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Sourdough Hoagie Rolls

Sourdough Hoagie Rolls! Hoagie, hero, sub, grinder, whatever you call your sandwich, this is a great roll for building your masterpiece.

I live near Philadelphia and we call them Hoagies. But I grew up in the part of New Jersey that is closer to New York. There we called them subs. You might also know them as a grinder or a hero.

Whatever you call it, there is no doubt that the key to a great sandwich is the perfect long roll.

Much as I love a good crusty loaf of artisan bread, that’s not the best base for a great submarine sandwich. You’ve probably had it happen…you bite into one end of that crusty sandwich and all the fillings squirt out the other end.

The perfect hoagie roll should have a thin, crisp crust and a light, soft, slightly chewy crumb. By the way, if you don’t have a sourdough starter, you can make Hoagie Rolls with commercial yeast.

Scroll through the step by step photos to see how to make this recipe:

two photos showing sourdough hoagie dough after a night in the refrigerator
1. Leave the dough to ferment overnight in the refrigerator. 2. In the morning the dough should be well-aerated and ready for shaping.
three photos showing how to form gluten in hoagie rolls
1. Roll the dough to a 12″ log. 2. Fold the two ends of the log towards the center. 3. Roll the dough to a 12″ log again.
the photos showing how to cut and shape the dough for sourdough hoagie rolls
1. Cut the dough into 6 pieces. 2. Form each piece into an oval and roll the oval into a small log. 3. Roll the dough to 10″ long.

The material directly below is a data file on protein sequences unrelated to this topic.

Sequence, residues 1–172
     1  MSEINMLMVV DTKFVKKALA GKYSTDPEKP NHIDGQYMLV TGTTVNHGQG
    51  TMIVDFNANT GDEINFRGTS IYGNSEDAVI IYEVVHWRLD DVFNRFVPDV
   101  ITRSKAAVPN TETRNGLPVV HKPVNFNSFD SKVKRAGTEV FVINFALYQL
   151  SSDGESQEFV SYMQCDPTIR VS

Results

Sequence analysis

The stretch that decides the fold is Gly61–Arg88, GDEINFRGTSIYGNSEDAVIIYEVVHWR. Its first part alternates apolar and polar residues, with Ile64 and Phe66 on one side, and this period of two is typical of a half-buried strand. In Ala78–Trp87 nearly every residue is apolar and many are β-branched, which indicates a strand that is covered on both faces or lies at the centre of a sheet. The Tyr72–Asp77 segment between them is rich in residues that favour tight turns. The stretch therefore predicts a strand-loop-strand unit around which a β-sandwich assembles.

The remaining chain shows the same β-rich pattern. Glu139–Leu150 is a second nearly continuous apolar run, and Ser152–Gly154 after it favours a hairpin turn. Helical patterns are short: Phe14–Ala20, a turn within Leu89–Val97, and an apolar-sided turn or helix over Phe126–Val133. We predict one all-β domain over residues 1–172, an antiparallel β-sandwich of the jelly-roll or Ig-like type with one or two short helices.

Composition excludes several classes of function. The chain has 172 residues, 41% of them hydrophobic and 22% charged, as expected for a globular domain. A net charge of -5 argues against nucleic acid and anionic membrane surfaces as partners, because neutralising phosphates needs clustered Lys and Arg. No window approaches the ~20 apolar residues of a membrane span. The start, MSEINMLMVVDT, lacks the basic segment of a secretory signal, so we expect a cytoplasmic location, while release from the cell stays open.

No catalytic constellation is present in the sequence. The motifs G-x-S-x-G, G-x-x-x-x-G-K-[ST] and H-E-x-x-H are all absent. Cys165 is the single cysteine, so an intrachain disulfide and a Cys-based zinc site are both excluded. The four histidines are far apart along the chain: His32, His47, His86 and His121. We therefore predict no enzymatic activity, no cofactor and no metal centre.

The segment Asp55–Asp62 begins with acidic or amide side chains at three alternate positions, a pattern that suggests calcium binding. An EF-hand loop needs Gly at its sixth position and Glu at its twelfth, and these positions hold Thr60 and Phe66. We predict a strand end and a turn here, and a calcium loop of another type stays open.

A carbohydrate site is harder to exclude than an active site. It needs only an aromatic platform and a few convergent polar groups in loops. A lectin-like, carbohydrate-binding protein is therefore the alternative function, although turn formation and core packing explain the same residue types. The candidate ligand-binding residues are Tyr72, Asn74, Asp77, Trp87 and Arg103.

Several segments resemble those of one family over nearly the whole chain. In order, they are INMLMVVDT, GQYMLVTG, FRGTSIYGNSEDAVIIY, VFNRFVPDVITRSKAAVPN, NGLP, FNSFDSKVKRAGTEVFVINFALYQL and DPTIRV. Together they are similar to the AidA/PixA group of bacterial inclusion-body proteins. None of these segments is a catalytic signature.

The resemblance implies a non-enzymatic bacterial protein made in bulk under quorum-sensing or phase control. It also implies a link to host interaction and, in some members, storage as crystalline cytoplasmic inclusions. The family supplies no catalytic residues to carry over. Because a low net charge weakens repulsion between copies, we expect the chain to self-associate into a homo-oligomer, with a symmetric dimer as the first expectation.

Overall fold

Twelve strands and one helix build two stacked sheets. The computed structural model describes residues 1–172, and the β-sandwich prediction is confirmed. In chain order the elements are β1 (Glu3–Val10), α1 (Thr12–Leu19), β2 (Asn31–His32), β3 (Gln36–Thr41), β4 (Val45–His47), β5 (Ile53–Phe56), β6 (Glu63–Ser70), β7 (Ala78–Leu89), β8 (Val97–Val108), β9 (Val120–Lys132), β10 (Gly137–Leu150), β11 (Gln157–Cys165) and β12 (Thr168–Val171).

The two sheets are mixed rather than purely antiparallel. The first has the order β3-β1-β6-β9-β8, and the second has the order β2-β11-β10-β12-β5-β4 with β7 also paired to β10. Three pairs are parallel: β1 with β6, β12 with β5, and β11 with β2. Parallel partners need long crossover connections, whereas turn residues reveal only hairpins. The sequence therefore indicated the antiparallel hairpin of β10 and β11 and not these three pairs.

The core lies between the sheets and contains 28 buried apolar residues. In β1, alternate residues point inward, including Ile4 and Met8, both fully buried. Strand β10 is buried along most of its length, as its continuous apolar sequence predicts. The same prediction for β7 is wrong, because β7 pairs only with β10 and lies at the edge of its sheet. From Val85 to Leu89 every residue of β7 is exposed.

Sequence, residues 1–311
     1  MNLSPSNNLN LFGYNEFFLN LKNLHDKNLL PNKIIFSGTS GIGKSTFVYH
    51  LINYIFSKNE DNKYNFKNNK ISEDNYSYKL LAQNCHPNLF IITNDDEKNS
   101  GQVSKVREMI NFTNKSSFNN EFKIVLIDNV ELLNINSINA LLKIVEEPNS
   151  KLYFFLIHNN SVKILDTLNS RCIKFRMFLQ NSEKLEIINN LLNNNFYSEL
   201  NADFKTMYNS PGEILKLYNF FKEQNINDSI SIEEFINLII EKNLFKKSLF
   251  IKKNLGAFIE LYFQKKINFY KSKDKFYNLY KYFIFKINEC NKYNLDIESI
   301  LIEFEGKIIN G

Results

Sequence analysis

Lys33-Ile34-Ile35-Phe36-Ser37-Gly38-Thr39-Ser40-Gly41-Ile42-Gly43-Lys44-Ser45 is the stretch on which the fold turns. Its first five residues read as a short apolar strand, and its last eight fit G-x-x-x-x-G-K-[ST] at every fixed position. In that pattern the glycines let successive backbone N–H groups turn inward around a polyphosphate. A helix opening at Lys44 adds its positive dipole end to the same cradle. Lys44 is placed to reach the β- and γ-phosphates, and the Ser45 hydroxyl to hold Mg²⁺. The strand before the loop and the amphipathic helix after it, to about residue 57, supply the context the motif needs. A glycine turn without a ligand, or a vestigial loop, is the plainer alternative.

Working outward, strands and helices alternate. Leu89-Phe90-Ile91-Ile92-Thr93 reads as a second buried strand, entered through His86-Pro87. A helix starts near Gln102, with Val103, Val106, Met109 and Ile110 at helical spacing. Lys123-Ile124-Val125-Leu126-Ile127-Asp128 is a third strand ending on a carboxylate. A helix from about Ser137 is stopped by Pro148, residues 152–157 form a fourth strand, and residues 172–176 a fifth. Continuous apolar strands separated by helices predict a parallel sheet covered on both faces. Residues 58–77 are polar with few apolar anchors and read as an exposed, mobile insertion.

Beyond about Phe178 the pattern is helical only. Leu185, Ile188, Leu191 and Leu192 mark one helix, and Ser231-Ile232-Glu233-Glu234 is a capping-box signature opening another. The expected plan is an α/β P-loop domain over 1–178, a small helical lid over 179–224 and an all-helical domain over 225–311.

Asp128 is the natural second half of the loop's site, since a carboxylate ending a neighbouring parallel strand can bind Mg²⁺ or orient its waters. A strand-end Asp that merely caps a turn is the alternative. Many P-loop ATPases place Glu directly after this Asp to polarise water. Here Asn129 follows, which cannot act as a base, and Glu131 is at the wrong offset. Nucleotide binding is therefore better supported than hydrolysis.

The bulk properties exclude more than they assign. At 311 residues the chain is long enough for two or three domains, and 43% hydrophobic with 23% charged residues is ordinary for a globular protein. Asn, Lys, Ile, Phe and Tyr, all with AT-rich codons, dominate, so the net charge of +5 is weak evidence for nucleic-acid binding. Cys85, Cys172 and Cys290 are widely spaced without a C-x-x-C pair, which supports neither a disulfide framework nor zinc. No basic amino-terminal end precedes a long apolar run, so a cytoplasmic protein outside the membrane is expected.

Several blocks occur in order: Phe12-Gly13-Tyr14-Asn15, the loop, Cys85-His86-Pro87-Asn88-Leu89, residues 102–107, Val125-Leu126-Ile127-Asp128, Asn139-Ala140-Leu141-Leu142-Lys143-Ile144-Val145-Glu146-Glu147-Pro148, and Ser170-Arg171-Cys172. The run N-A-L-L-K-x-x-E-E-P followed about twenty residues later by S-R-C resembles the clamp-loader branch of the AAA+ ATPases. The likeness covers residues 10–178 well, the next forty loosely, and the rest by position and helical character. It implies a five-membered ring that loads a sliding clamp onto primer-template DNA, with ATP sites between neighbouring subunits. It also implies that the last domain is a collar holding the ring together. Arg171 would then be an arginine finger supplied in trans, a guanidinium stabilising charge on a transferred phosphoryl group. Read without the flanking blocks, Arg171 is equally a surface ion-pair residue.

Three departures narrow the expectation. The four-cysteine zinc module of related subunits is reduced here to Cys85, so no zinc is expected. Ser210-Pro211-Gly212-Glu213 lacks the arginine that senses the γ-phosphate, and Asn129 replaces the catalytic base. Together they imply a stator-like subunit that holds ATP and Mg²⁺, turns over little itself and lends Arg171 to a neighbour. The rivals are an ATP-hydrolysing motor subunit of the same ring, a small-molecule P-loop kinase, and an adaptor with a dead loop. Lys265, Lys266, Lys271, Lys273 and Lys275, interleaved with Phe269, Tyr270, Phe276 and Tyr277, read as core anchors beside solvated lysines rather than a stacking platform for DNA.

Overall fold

three photos showing sourdough hoagies before rising, after rising and after baking.
1. Set the rolls onto a sheet pan to rise. 2. Rise until doubled in size. 3. Bake until golden brown.

A timeline for making Sourdough Hoagie Rolls:

  • If your starter needs feeding, do that the night before or early in the morning of the day you want to make the dough.
  • Mix the dough in the afternoon. Allow it to ferment at room temperature all day and refrigerate the dough in the evening before going to bed.
  • The dough can stay in the refrigerator for 2-3 days at this point.
  • Take the dough out first thing in the morning and shape the hoagie rolls.
  • Leave them at room temperature to rise for 1 1/2- 2 hours.
  • You should have fresh rolls by lunch time.
  • If you want to bake the same day, feed the starter the night before. Make the dough early in the morning and leave it to ferment until the afternoon. Form the rolls and leave them to rise, skipping the refrigeration step. Bake the hoagie rolls in time for dinner.

I know you love a good sandwich, so I highly recommend my Sourdough White Sandwich Bread and my Sourdough Whole Wheat Bread. Sourdough Rye Bread is also the base for a great sandwich.

Since you’ve got your starter fed, peruse the entire list of My Best Sourdough Recipes. Have fun!

I know you hate to throw away that sourdough discard. Check out these recipes that use sourdough discard.

If you love this recipe as much as I do, I’d really appreciate a 5-star review.

a submarine sandwich on a fresh baked roll on a plate

Sourdough Hoagie Rolls

Yield: 6 rolls
Prep Time: 45 minutes
Rising Time: 12 hours
Bake Time: 20 minutes
Total Time: 13 hours 5 minutes

Sourdough Hoagie Rolls. Hoagie, hero, sub, grinder, whatever you call your sandwich, this is a great roll for building your masterpiece.


  • 1 cup (8 oz, 224g) Active Sourdough Starter
  • 1 tablespoon granulated sugar
  • 1 cup (8 oz, 240ml) warm water
  • 2 1/2 cups (12 1/2 oz, 355g) unbleached all purpose flour
  • 1/2 cup (4 oz, 120ml) milk, scalded and cooled to room temperature
  • 1 1/2 cups (7.5 oz, 210) unbleached bread flour
  • 2 teaspoons table salt


  1. In a large mixing bowl or in the bowl of a stand mixer, combine the starter, sugar and water. Add 2 cups (10 oz, 280g) of the all purpose flour. Mix with the paddle on low speed until it forms a thick batter. Cover the bowl and set aside for 30 minutes.